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What is Employee Satisfaction?

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How often did you have a hard-working, dedicated, and conscientious employee quit on you without any warning? Satisfaction is a difficult metric that often gets tangled up with engagement. The truth is — engaged employees can still be dissatisfied, and you have a narrow window of opportunity to turn that around and get them to stay and grow with the company.

How often did you have a hard-working, dedicated, and conscientious employee quit on you without any warning? Probably not too often, but often enough, right? And it still baffles you when it happens.

Most of the time, these employees don’t give a concrete reason for leaving, but in nearly 50% of the cases, it can be traced back to one thing — poor employee satisfaction.

These employees might have been hard-working and engaged. Still, something fundamental was missing, and they grew resentful, found a better job, and left…leaving you scrambling as you tried to find and train their replacement (and costing the company tens of thousands in the process).

Satisfaction is a difficult metric that often gets tangled up with engagement. The truth is — engaged employees can still be dissatisfied, and you have a narrow window of opportunity to turn that around and get them to stay and grow with the company.

What is employee satisfaction?

A rather simplistic (but valuable) definition of employee satisfaction says that

“employee satisfaction is an expression of how content an employee is within their role — and how easy it is for them NOT to look for another (maybe better) job because the current one they’re in meets their basic needs.”

The factors that we look at when examining employee satisfaction are compensation, benefits, work-life balance, job conditions, and support and recognition. That’s because they are either monetary (or can be assigned monetary value), or they are so central to employee wellbeing that they cannot be ignored (for example, getting time off or working in a safe environment).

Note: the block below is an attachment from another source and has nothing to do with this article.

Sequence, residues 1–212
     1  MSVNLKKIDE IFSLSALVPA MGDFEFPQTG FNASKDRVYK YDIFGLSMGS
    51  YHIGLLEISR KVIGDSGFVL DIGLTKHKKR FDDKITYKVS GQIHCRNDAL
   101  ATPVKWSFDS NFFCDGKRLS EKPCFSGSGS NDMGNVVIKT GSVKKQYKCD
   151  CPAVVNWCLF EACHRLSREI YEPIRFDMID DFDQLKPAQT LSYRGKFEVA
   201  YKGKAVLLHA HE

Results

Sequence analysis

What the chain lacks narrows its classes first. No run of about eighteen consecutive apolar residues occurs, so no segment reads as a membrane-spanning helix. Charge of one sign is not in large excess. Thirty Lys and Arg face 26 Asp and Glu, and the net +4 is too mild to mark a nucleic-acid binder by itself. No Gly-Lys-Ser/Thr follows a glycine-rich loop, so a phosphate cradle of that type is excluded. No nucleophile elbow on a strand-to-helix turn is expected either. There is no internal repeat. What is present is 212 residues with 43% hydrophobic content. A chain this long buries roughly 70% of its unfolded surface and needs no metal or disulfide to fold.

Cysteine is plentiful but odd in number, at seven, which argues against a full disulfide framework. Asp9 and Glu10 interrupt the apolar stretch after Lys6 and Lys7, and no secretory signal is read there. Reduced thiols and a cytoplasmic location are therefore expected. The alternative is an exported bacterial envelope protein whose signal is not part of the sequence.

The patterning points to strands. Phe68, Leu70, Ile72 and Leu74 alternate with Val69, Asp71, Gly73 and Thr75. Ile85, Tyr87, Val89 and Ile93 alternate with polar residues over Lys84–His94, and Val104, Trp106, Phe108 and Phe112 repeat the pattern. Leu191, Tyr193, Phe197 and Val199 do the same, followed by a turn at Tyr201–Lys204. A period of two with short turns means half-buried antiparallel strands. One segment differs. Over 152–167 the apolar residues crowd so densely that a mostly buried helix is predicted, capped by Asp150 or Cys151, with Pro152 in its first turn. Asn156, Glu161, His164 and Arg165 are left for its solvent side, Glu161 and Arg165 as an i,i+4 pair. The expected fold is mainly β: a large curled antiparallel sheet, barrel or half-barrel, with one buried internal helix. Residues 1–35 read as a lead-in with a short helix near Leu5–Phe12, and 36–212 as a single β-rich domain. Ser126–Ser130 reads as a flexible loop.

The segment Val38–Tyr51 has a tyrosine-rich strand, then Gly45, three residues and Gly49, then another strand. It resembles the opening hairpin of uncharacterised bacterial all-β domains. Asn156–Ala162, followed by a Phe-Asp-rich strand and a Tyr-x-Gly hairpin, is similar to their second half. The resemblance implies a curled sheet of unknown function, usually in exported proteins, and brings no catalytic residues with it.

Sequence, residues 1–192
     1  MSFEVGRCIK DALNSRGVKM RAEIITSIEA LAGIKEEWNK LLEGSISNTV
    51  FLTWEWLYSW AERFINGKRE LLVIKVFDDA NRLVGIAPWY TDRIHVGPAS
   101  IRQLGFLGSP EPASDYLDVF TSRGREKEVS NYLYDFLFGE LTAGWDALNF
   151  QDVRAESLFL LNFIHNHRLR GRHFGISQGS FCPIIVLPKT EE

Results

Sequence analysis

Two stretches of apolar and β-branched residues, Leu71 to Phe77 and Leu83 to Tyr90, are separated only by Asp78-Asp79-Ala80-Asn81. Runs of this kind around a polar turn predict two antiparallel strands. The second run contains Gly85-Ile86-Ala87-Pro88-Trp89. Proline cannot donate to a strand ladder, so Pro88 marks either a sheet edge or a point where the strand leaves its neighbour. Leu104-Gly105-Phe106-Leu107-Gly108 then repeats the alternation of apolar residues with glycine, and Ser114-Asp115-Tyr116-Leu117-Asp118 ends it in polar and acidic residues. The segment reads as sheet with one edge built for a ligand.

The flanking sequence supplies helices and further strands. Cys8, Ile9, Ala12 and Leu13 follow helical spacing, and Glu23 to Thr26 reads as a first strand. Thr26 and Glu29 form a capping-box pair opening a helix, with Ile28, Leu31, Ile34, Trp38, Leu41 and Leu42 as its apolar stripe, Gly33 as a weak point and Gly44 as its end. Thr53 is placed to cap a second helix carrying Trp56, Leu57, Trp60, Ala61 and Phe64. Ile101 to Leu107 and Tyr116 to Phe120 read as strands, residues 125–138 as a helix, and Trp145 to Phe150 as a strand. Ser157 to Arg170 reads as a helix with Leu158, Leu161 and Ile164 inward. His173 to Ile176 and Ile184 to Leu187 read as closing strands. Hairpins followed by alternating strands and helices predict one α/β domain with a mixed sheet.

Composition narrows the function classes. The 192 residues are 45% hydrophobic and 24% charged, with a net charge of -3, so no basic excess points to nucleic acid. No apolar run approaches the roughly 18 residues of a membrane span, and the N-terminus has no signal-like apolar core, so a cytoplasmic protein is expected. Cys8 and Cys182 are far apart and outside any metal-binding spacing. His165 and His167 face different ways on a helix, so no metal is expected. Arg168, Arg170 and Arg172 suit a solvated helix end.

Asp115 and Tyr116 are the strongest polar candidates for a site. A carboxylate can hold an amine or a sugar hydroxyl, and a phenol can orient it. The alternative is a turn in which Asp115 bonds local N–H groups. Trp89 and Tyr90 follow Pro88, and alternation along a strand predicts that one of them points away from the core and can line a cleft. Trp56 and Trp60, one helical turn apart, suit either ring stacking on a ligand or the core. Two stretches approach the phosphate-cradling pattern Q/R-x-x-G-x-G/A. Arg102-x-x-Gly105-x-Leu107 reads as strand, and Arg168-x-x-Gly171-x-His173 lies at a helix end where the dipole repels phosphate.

Let’s examine them more closely.

  • Compensation — you can forget about high employee satisfaction if you’re underpaying your employees. People generally don’t feel satisfied or happy if their basic needs are not met. Two things need to be kept in mind here: always position competitively against similar companies, and pay enough to feel they can have an above-average quality of life.

  • Benefits — forget about free monthly Kindle e-book editions or paid training when thinking about satisfaction; they’re an excellent way to boost employee engagement but if you want your employees to be satisfied, focus on benefits that have a clear monetary value attached to them instead — childcare support, paid time off, and comprehensive healthcare plans.

  • Work-life balance — most people work to live, and not the other way around. Even if your employees are keen and committed overachievers, you should still make sure that they have a good work-life balance to avoid burnout.

  • Job conditions — people want to feel safe at their workplace, both from physical danger and mental or emotional abuse from superiors or colleagues. Again, we’re talking about a pretty basic but fundamental need here — if people feel in peril, threatened, harassed, no amount of money or perks will be able to compensate for that entirely.

  • Recognition — employees need to see that their efforts are being recognized and appreciated by their peers and bosses. This factor impacts both employee satisfaction and employee engagement.

Job satisfaction is, effectively, a foundation on which long-term employee engagement can be successfully built. Here’s how employee satisfaction and employee engagement look like when compared to Maslow’s Hierarchy of Needs:

What is Employee Satisfaction-06

But, this also means that satisfied employees don’t have to be engaged employees. Of course, ‘satisfied’ is preferred to ‘dissatisfied’, but satisfaction should not be your end goal. 

Your organizational goal should always be high employee engagement.